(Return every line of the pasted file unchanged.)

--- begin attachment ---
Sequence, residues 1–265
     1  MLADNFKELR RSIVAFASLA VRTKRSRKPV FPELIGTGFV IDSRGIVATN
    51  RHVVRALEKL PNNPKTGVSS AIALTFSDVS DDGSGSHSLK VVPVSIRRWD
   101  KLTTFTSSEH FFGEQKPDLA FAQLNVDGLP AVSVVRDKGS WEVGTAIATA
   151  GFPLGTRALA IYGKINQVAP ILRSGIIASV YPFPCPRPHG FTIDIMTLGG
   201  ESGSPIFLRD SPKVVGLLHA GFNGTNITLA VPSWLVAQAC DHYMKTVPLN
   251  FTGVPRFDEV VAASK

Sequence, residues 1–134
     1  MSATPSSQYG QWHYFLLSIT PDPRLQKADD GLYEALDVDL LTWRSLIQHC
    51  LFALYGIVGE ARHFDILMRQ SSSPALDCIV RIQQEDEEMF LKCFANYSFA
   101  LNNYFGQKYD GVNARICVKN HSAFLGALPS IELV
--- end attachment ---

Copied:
Sequence, residues 1–265
     1  MLADNFKELR RSIVAFASLA VRTKRSRKPV FPELIGTGFV IDSRGIVATN
    51  RHVVRALEKL PNNPKTGVSS AIALTFSDVS DDGSGSHSLK VVPVSIRRWD
   101  KLTTFTSSEH FFGEQKPDLA FAQLNVDGLP AVSVVRDKGS WEVGTAIATA
   151  GFPLGTRALA IYGKINQVAP ILRSGIIASV YPFPCPRPHG FTIDIMTLGG
   201  ESGSPIFLRD SPKVVGLLHA GFNGTNITLA VPSWLVAQAC DHYMKTVPLN
   251  FTGVPRFDEV VAASK

Sequence, residues 1–134
     1  MSATPSSQYG QWHYFLLSIT PDPRLQKADD GLYEALDVDL LTWRSLIQHC
    51  LFALYGIVGE ARHFDILMRQ SSSPALDCIV RIQQEDEEMF LKCFANYSFA
   101  LNNYFGQKYD GVNARICVKN HSAFLGALPS IELV